The argument for keeping a journal in a social media age


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I’m sure we’ve all seen the long, detailed posts on social media about every nuance in a person’s life. These public diary entries have become much more common for our modern celebrities, but many of us fall into the pressure to share our daily lives on the great, wild internet.

There’s certainly something to be said for keeping a record of our lives. Having worked with archives in the past, I realize that often times, diary entries and personal records are the most valuable items when attempting to piece together a lost era or passed decade.

Especially if you intend to do something great with your life, it will make an historian’s day in the future when he or she can read that you hated the color green at age 13 but your first pet was a lizard. Or, that you almost had a panic attack in class on a random Tuesday or overcame social anxiety and learned how to ask questions in a public setting. All of these things are valuable and can be therapeutic for the person keeping the journal.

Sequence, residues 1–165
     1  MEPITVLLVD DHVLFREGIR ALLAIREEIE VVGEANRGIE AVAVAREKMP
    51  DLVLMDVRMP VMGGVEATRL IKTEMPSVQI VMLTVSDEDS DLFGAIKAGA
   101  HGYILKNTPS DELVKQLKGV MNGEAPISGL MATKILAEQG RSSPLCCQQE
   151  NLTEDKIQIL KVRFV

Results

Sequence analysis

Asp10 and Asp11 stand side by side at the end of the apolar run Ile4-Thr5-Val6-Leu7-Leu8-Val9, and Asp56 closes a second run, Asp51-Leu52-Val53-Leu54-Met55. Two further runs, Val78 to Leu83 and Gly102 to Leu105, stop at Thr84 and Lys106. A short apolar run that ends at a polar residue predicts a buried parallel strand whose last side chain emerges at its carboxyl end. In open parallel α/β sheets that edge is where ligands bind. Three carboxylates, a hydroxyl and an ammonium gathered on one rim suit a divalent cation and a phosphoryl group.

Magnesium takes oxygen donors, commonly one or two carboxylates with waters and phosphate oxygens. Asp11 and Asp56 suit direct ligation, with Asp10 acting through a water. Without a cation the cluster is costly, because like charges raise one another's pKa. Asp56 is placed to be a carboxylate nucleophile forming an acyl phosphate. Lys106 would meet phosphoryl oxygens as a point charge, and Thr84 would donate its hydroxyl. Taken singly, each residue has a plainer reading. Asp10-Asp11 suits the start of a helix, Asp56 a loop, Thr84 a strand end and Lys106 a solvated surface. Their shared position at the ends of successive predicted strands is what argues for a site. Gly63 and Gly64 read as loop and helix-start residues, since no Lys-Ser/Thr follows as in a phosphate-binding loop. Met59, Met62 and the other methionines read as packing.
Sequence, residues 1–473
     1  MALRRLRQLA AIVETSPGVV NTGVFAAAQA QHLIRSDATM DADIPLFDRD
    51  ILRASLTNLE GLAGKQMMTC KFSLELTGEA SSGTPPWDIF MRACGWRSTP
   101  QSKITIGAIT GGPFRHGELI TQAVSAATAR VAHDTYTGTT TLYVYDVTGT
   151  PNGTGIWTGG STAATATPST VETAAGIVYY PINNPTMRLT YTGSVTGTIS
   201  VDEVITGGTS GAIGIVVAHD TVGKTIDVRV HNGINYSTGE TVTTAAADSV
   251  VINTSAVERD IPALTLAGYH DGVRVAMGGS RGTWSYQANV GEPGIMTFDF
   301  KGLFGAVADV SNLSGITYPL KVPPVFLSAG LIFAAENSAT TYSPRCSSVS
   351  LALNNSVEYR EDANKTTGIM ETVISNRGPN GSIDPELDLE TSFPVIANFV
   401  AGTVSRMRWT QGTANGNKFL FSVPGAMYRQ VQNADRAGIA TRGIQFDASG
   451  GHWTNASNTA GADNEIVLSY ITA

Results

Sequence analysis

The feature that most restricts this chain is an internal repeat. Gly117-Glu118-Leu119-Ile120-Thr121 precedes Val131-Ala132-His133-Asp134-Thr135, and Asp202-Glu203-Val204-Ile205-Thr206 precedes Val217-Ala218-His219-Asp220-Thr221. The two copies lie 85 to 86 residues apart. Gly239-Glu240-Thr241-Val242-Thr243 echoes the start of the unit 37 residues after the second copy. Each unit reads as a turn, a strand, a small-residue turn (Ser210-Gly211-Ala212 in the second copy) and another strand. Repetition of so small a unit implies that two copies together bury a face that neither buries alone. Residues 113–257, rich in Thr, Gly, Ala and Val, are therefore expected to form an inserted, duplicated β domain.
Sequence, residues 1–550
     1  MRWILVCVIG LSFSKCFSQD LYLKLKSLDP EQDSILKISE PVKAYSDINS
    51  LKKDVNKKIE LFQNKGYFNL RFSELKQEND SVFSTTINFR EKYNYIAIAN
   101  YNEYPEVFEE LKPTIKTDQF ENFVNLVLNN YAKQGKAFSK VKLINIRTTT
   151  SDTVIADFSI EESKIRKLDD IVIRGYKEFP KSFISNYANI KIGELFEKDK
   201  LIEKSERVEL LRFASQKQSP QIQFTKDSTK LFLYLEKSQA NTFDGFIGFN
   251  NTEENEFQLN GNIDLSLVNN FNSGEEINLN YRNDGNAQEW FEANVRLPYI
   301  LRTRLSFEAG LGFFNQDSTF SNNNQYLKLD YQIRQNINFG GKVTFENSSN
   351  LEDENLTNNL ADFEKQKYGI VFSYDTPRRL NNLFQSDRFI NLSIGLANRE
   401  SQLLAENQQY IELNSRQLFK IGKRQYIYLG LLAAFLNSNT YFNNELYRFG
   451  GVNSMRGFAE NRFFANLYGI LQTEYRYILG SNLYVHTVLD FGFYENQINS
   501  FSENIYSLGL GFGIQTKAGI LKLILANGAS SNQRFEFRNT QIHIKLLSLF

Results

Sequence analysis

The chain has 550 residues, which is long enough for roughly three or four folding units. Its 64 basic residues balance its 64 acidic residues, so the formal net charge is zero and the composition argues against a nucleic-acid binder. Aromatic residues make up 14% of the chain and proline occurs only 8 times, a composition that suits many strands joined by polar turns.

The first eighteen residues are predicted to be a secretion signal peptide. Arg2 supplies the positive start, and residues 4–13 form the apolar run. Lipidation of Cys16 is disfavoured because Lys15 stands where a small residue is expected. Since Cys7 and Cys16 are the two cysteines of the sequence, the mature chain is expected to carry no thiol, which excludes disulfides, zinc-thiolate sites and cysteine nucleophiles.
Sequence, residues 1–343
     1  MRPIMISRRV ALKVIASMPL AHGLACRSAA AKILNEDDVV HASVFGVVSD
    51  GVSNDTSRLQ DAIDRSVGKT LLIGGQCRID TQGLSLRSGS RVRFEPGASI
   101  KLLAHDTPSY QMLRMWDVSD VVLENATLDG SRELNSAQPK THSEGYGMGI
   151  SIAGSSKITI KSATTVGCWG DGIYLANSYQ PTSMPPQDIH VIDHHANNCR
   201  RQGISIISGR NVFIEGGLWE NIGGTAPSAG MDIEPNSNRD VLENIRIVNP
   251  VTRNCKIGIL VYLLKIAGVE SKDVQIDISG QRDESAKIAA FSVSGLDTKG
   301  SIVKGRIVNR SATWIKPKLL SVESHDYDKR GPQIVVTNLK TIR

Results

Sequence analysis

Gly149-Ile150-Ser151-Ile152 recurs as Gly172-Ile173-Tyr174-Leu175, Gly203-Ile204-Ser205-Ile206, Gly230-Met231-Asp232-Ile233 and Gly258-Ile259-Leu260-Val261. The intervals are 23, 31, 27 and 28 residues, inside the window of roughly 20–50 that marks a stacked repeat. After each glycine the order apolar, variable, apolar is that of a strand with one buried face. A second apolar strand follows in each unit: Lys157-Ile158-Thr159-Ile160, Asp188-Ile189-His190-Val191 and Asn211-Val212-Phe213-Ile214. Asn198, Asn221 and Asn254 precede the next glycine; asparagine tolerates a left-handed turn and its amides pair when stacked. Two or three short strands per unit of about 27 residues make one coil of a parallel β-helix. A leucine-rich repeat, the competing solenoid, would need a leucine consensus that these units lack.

For me, there’s something much more intimate and therapeutic about putting pen to paper than fingers to keys. When we write physical records of our lives, we keep a treasure not only for future eyes but for ourselves. We give ourselves, amongst the transparency imposed by instant technology, a quiet place to learn, grow, make mistakes and get back up from them. The forgiving pages of a physical diary are the safe place that the internet and social media is far from being.

This opinions is more than a personal prejudice against the turmoils of social media. I’ll never forget what an English professor told me during my first year of college. He advised us all to keep a regular journal. He explained to us that it was about more than physical paper versus white screen. It was about discipline. It was about training your mind to think on its own and get in touch with your emotions in a place only you could interact with them.

Though I’ve definitely not kept the daily journal he recommended, I’ve tried to keep a private record of my life in a way that would honor his advice and my own experiences. Through doing so, I’ve come to agree with him that physical record-keeping is by far superior to digital and that the discipline gained is unmatched elsewhere. I hope you’ll find time in your days in the coming weeks to record your life in a way only you can.